New research shows women who experience hysterectomy and oophorectomy are at higher risk for low sexual desire
A cross-sectional survey of European women shows that surgically menopausal women are at increased risk for low sexual desire. In the March 2006 issue of The Journal of Sexual Medicine, researchers have published the first-ever multi-cultural prevalence study using multi-dimensional psychometrically valid outcomes to determine if women who undergo surgical menopause have a greater risk of low sexual interest compared with that of pre-menopausal or naturally menopausal women.
Naturally menopausal women experience decreases in their sexual function with aging. The authors concluded that surgically menopausal women, when compared to pre-menopausal or naturally menopausal women are at a significantly increased risk for low sexual desire and also decreased pleasure, and orgasmic difficulties. The research, in an article entitled, "Hypoactive Sexual Desire Disorder in Menopausal Women: A Survey of Western European Women," involved 1685 women aged 20 –70 years, living in France, Germany, Italy, and the United Kingdom. Women who completed the “Profile of Female Sexual Function” questionnaire were classified as having low sexual desire using clinically derived cut-off scores for the desire domain. Women were then further subclassified as distressed or non-distressed, by completing the “Personal Distress Scale”. Other outcome scales included a sexual activities scale.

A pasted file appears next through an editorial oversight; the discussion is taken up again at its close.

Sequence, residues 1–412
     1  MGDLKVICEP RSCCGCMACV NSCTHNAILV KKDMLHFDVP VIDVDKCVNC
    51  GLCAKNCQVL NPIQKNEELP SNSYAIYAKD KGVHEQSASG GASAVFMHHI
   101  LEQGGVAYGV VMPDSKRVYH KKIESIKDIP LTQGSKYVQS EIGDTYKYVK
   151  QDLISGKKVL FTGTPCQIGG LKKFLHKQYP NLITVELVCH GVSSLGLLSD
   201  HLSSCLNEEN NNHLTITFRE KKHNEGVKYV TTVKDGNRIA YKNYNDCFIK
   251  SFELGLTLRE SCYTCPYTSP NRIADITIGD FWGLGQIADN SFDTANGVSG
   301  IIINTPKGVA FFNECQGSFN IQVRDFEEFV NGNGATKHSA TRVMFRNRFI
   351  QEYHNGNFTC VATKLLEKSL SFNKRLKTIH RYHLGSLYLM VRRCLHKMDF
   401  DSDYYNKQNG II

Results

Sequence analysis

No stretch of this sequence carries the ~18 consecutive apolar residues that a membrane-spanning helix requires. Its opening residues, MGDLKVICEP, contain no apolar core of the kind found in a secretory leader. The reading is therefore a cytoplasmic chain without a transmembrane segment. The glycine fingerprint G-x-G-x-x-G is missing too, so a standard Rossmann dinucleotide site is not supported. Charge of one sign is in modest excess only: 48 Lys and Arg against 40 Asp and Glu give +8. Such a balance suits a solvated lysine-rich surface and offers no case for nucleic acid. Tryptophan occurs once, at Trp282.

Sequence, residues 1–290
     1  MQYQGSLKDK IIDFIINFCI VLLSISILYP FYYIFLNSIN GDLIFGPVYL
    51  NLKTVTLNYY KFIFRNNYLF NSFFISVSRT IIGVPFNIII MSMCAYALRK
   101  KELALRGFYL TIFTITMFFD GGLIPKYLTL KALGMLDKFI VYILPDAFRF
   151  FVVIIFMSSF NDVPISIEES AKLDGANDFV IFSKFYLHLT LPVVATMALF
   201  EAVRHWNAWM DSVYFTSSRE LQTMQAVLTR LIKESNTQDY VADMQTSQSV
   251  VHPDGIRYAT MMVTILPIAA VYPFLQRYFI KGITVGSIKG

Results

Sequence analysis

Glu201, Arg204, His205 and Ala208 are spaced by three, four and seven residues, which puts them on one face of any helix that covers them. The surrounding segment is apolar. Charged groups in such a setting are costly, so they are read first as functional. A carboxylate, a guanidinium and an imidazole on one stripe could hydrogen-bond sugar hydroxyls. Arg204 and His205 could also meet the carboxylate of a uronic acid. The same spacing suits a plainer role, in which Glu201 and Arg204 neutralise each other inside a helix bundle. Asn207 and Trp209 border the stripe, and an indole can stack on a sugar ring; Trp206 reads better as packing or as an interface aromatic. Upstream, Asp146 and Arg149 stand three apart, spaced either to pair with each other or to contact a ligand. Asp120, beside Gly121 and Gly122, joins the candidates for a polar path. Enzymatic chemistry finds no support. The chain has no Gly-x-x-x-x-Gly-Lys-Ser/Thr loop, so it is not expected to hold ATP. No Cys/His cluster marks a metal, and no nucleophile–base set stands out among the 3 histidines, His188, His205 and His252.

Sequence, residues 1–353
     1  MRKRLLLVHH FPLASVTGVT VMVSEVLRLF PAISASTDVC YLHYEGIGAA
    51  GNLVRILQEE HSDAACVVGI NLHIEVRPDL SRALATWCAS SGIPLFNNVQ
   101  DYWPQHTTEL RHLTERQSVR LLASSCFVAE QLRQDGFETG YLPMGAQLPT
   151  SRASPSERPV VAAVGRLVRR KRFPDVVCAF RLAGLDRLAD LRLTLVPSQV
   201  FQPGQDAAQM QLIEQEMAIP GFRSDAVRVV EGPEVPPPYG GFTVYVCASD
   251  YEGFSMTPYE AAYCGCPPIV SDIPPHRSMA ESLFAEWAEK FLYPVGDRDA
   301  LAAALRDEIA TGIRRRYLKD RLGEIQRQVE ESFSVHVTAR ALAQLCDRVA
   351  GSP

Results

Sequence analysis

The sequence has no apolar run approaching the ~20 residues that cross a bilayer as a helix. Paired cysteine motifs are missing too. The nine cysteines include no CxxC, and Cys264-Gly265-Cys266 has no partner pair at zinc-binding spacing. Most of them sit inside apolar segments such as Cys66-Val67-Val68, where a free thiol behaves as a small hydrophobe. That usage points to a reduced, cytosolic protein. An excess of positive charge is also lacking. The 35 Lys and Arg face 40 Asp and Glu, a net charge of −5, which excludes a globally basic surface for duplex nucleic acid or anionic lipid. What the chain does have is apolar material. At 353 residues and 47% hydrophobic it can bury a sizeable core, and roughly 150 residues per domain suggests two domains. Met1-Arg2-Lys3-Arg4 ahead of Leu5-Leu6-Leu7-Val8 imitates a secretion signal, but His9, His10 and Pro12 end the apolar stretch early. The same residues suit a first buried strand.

Sharon Agsalda | alfa
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